What I love about the To All the Boys trilogy is how it is firmly a (young adult) rom-com, never ashamed of the genre but perpetually leaning into it, whether through Lara Jean specifically referencing rom-coms (what Gen Z teen knows about Serendipity??) or little filmmaking nods to rom-com forebears. Although the trilogy might come off as too twee and earnest for some, I’ve always found this part of its central charm. These characters feel real, but not real; and these circumstances feel real, but not real. It’s the essence of good, Nora Ephron-level filmmaking: cinematic moments with an undercurrent of resonant human emotion. Because the through-line of the To All the Boys trilogy was never just its cute and brightly colored exterior. To All the Boys is about young love, of course, but it’s just as much acutely about loss, abandonment, and the joys and pangs of growing up.
The first movie, To All the Boys I’ve Loved Before, follows a pretty standard rom-com formula, but through it all are the subtle hallmarks of a story about grief and grieving. Whether it’s Lara Jean (Lana Condor) reflecting on her mother’s death or Peter (Noah Centineo) on his father’s abandonment, these are characters learning about themselves just as much as they’re learning about—and falling in love with—each other. Since that first movie, Lara Jean and Peter have each been the other’s answer to their grief. This has been the momentum behind the trilogy, slightly shifting and affecting the tone of their relationship to each other. But in Always and Forever, with that grief finding some semblance of closure, Lara Jean and Peter must begin to figure out what comes next. What comes after resolution, and what does that mean for them together? What do they mean to each other?
To All the Boys: Always and Forever picks up with Lara Jean and Peter more madly in love than ever and preparing for a future together. This planning is separated by the Pacific Ocean, as Lara Jean is vacationing in Seoul with her family while Peter is spending his summer in their California hometown. Although this time and distance apart only represents brief scenes in the beginning of the movie, time and space become larger concerns for our couple, as the star-crossing prospect of attending different colleges causes them to more deeply consider their relationship, as well as to reflect on what they truly want for themselves.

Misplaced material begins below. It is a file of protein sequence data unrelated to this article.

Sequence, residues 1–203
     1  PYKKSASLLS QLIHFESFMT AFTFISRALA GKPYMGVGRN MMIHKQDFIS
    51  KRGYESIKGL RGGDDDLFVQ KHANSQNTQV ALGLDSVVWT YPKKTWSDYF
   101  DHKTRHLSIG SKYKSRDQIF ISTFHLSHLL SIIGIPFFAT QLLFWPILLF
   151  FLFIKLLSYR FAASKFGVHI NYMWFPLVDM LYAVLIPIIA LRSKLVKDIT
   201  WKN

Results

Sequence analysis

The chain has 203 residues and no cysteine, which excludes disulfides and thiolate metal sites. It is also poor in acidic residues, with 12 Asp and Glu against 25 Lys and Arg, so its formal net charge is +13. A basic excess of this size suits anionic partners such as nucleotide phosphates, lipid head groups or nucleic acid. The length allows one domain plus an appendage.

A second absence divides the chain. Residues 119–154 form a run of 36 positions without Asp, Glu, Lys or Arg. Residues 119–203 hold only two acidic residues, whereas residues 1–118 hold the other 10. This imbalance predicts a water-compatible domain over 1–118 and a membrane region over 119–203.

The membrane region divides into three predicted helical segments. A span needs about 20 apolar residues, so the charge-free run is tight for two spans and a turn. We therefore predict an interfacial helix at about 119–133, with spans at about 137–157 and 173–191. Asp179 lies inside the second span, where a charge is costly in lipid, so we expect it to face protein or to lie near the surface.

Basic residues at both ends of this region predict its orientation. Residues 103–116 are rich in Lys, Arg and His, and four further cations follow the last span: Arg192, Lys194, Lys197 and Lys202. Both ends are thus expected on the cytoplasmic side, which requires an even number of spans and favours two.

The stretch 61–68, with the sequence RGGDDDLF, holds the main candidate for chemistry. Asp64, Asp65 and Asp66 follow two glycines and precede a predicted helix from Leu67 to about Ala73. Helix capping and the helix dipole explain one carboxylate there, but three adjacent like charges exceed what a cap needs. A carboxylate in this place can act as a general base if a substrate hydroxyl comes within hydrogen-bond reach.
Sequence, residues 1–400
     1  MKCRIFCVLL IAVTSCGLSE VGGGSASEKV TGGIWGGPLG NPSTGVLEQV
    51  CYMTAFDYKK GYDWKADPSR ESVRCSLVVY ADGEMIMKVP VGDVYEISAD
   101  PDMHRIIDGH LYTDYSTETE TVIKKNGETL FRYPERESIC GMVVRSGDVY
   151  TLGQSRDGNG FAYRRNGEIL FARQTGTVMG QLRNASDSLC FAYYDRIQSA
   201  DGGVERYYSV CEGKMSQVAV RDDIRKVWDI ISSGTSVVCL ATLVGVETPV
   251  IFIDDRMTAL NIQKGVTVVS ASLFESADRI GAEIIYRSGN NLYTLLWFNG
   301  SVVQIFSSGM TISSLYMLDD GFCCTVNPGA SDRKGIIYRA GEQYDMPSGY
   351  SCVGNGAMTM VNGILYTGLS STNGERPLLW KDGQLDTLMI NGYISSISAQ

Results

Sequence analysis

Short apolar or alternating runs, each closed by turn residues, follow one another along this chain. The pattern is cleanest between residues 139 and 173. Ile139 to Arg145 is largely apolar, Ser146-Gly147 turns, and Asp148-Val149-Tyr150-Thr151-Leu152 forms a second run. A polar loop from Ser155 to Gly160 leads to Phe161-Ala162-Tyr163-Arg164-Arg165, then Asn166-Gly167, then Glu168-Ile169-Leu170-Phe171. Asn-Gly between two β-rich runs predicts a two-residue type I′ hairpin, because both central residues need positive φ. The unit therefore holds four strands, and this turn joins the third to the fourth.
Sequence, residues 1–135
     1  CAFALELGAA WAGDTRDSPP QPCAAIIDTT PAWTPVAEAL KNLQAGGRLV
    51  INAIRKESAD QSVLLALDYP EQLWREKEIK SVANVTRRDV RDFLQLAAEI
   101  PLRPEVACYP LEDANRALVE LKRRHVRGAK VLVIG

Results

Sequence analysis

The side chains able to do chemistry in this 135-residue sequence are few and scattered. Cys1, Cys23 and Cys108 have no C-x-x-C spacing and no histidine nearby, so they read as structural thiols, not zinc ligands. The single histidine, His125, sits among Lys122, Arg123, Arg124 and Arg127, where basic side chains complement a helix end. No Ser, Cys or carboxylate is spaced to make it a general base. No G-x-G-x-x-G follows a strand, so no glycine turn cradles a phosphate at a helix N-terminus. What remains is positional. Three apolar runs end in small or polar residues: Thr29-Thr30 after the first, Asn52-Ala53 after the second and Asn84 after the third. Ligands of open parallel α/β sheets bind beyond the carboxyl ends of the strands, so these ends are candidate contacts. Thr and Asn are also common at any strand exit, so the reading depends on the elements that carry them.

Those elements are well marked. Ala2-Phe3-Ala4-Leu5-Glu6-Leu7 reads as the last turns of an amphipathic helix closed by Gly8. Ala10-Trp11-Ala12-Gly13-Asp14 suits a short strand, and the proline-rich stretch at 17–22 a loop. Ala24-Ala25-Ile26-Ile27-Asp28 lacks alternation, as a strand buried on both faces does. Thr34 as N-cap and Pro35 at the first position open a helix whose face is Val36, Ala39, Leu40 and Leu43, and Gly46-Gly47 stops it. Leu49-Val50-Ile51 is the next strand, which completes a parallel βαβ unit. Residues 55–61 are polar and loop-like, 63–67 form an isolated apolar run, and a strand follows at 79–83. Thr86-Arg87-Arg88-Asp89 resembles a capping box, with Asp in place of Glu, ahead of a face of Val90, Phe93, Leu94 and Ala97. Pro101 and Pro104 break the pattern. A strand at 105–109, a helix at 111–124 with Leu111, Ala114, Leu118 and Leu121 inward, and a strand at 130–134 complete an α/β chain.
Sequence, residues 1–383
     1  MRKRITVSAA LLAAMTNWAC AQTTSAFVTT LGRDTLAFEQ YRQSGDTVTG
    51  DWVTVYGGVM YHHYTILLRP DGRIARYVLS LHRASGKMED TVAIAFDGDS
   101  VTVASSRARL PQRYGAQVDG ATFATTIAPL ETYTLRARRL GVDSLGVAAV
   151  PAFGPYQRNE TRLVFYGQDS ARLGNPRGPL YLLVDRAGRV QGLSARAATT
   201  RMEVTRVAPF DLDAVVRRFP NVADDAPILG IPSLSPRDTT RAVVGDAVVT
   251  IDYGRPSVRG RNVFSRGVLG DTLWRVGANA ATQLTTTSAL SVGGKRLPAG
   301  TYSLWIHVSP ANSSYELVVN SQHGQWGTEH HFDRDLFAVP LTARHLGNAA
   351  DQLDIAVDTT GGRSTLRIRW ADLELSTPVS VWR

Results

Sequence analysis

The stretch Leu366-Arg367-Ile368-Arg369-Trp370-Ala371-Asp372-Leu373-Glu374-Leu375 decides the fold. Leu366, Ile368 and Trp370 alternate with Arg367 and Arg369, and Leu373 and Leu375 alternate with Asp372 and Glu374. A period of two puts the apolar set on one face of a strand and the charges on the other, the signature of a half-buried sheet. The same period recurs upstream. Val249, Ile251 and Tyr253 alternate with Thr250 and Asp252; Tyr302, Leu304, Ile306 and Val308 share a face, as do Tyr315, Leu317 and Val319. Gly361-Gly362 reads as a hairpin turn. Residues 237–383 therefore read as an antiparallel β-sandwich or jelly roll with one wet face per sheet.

In addition to the common portents of teenage finality—senior year, prom, sex, and college—Lara Jean and Peter are also finding that the people around them are changing, and have been changing in surprising ways, whether they saw these changes coming or not. Lara Jean’s father is getting remarried, her little sister is growing up, and her friends (and frenemies) are maturing. Likewise, Peter’s father is reentering his life, right when it seems that Lara Jean might be leaving it forever. The security that Lara Jean and Peter have found in their relationship and in each other is beginning to resemble something more like a sheltered form of stagnation in Always and Forever, even if Lara Jean and Peter are the last ones to realize. And the answers they previously found in each other are beginning to look more like unresolved ellipses. The future is on the horizon, but do these young lovers really know what that means?